For all his skill, Flaked somehow bombs spectacularly. Venturing into some darker, more dramatic territory that doesn’t quite fit Arnett’s playful personality, the Netflix show has the actor play a down on his luck man called Chip who is looking for a sense of purpose in Los Angeles.
It attempts to be deep and meaningful but would be far better served looking at a program like Californication to take some cues. That Showtime series took the viewer along for the ride with David Duchovny’s Hank Moody to the point where you empathized with him in one episode and were left infuriated the very next week. With Flaked it is hard to care either way.
2. Haters Back Off!
Internet celebrities have a bad reputation, but one glance at Colleen Ballinger’s character Miranda Sings and it is easy to see why. Her first season of Haters Back Off! on Netflix attempts to chronicle her rise to fame as a YouTube star, but staying in character as the awkward, over confident and downright bizarre alter ego stretches the premise for all it is worth.
Some find Miranda an entertaining riot who points out the absurdity of fame and shines a mirror to the phenomenon of celebrity culture. While this makes it an intriguing watch in some respects, the endless gags are all about satirizing the same topic time and time again.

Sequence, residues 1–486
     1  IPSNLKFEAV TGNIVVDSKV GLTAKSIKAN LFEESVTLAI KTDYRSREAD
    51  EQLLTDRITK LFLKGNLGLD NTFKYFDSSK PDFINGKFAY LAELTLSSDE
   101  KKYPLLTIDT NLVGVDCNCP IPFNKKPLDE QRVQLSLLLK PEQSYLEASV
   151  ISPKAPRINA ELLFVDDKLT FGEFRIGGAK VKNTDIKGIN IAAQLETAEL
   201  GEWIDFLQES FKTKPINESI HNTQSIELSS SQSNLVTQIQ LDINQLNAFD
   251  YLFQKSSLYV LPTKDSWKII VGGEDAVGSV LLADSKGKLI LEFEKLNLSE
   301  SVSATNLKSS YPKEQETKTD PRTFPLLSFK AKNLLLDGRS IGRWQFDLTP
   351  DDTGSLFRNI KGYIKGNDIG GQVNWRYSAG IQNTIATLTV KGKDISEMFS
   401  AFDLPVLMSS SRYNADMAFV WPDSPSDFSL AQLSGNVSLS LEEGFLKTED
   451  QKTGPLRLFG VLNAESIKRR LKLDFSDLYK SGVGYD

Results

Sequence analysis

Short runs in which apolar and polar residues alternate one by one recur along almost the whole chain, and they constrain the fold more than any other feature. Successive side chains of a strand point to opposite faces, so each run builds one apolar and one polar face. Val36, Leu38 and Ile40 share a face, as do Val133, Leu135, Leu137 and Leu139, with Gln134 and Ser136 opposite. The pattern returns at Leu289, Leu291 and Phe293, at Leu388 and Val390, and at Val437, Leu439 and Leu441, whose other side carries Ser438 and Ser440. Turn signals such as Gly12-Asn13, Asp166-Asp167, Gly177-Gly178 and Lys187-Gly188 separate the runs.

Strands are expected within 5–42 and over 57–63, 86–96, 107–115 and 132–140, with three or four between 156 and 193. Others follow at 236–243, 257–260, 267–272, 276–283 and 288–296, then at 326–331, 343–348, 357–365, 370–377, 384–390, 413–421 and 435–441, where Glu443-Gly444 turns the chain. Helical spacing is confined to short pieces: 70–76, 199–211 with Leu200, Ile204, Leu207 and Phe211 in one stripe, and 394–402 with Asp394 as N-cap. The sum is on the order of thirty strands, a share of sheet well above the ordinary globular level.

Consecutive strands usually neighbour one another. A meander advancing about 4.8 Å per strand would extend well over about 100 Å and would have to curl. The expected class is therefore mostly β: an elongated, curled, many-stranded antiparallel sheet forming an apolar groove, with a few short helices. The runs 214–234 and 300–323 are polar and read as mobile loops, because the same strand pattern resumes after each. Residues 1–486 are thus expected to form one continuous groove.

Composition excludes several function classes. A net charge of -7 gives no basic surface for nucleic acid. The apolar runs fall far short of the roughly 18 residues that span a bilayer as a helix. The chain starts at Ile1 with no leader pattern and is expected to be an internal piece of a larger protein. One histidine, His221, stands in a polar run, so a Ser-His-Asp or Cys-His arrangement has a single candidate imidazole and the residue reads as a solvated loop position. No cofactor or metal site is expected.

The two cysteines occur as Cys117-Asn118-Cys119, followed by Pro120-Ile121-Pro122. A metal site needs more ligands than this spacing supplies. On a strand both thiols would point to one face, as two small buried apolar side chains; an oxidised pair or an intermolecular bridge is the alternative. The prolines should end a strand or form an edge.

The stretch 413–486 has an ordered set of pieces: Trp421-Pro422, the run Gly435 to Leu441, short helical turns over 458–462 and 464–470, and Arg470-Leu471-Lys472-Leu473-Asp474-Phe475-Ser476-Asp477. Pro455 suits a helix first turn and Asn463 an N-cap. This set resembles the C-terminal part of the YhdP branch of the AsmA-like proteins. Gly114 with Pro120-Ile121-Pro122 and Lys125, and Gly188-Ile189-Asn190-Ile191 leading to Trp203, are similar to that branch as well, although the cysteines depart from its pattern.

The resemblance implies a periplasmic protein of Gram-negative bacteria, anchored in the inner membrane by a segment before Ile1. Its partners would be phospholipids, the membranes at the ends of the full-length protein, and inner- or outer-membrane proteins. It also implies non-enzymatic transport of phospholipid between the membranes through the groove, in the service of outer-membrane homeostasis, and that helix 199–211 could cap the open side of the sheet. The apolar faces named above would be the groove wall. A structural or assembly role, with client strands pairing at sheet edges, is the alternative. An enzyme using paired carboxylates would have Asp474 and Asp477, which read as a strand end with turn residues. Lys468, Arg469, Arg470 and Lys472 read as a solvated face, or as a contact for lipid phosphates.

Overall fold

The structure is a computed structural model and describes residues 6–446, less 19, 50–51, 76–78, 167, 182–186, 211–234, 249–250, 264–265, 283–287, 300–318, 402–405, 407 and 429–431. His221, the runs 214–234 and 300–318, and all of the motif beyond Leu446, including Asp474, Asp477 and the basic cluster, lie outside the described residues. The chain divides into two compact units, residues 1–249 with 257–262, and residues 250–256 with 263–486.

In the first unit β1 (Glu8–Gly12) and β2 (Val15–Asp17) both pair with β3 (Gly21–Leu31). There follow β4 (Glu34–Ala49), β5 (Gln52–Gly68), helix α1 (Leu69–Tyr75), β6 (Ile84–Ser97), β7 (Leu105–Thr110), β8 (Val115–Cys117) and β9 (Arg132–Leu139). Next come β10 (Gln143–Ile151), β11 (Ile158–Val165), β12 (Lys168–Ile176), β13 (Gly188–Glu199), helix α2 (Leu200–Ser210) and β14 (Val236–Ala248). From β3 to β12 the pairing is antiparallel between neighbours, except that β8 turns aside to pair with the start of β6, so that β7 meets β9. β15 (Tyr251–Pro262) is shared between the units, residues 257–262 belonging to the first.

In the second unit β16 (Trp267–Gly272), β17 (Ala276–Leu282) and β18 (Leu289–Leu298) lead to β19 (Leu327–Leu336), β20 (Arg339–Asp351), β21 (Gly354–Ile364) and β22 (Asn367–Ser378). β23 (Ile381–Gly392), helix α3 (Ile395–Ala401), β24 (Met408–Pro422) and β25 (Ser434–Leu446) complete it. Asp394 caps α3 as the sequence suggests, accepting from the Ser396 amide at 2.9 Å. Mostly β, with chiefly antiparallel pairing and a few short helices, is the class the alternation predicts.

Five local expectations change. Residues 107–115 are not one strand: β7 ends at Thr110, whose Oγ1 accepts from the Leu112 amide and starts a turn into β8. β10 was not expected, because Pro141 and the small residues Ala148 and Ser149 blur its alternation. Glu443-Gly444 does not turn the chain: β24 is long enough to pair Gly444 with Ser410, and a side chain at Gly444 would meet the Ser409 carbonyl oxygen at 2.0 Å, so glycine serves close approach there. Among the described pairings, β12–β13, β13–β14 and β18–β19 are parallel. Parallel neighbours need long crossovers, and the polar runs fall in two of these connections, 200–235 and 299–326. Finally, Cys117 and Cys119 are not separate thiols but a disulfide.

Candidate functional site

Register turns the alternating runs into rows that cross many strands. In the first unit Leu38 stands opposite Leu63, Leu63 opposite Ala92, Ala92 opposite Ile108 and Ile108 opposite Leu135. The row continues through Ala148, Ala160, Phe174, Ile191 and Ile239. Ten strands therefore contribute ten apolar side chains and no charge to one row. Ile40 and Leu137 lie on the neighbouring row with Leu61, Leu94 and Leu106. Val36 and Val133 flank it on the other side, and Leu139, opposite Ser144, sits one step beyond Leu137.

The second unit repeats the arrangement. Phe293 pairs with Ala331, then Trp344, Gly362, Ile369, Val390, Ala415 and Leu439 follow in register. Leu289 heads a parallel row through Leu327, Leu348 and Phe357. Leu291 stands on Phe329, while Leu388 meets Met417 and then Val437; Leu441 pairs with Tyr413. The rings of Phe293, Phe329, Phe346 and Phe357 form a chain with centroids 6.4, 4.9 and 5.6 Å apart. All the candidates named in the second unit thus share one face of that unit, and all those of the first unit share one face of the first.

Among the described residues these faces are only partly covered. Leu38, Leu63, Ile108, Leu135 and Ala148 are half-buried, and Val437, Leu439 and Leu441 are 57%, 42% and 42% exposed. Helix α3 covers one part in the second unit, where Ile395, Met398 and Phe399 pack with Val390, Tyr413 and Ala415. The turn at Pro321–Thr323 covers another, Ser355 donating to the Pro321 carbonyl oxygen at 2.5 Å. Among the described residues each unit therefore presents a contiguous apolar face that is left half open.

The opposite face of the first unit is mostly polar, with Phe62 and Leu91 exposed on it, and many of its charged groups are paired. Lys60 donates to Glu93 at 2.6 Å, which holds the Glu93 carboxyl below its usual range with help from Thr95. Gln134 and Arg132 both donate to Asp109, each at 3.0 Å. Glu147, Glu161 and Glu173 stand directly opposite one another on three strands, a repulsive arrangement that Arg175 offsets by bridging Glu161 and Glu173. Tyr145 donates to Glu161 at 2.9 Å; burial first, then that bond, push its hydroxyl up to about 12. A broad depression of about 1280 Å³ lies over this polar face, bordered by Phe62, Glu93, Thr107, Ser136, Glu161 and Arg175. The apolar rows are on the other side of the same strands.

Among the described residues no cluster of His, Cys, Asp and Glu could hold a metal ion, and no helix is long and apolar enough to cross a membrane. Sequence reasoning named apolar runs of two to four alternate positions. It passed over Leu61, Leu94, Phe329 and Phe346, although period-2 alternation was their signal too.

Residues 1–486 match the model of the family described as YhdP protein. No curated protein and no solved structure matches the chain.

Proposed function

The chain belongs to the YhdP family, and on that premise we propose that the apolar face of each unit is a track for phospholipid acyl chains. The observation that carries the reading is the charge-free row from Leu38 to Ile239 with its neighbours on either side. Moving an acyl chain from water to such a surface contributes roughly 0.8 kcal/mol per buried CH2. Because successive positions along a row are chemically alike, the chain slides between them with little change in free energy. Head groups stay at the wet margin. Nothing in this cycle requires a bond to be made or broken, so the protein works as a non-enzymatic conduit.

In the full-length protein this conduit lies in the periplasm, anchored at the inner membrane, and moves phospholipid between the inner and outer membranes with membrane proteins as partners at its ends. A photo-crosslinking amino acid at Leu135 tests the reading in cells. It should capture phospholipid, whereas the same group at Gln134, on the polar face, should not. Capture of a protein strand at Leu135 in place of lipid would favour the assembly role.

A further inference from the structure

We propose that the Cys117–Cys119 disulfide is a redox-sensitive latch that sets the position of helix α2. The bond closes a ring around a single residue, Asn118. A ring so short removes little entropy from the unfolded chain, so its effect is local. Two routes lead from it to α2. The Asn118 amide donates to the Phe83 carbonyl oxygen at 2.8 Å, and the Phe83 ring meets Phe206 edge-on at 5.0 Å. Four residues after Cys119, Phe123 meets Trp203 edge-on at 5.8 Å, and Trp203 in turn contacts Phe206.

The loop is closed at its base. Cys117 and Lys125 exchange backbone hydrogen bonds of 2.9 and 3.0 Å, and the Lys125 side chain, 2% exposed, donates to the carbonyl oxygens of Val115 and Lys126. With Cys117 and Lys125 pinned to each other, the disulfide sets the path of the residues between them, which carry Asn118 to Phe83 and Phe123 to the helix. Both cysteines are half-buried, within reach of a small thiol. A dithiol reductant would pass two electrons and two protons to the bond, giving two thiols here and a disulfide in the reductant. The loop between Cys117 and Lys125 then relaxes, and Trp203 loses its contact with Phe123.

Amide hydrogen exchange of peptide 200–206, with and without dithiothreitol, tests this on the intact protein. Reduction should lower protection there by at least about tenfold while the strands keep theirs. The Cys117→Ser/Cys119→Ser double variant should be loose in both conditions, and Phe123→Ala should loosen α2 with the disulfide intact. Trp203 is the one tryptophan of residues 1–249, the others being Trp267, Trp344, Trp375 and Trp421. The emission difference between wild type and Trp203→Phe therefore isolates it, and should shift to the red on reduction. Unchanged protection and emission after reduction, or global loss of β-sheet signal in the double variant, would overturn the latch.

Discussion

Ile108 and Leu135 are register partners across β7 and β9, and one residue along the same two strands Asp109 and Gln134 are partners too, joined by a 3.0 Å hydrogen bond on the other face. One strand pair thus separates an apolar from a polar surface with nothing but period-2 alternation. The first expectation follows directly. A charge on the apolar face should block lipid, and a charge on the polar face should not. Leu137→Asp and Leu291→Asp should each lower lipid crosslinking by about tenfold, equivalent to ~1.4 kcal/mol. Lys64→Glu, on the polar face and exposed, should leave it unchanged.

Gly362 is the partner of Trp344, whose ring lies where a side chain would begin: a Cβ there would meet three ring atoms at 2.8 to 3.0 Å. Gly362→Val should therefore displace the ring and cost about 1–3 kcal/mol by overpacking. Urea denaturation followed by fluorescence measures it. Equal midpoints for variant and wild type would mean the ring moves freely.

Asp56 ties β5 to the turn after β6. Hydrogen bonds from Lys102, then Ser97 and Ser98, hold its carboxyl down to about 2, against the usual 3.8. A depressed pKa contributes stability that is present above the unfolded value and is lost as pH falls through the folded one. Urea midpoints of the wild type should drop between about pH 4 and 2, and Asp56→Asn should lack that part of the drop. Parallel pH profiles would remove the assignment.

There have been parallels drawn between Ballinger and Pee-wee Herman for the fragile performer who has an inflated sense of self. What those two have in common though is a degree of tragedy, failing to realize that they don’t have any real skill in the world of entertainment.
A blatant rip off of the hit NBC show Heroes, Sense8 is popcorn fodder for those that like to zone out and forget they are watching a series that believes it is far more interesting than it is.
Created by the same Wachowskis that brought us The Matrix franchise, the show has a footing in almost every corner of the globe from America to Europe and Asia without ever really catering to anybody in particular.
The story once again revolves around that same idea of personalities who are drawn to a common purpose and discovering the same powers all over again. Essentially becoming a Power Rangers for adults.
As soon as it looks like Sense8 are creating an interesting story arc for one of its main protagonists, it moves on to the next person. It is devoid of any real spectacle and contains too much padding and exposition.
Without a doubt Sense8 tops the lot for Netflix shows that should never have been made in the first place.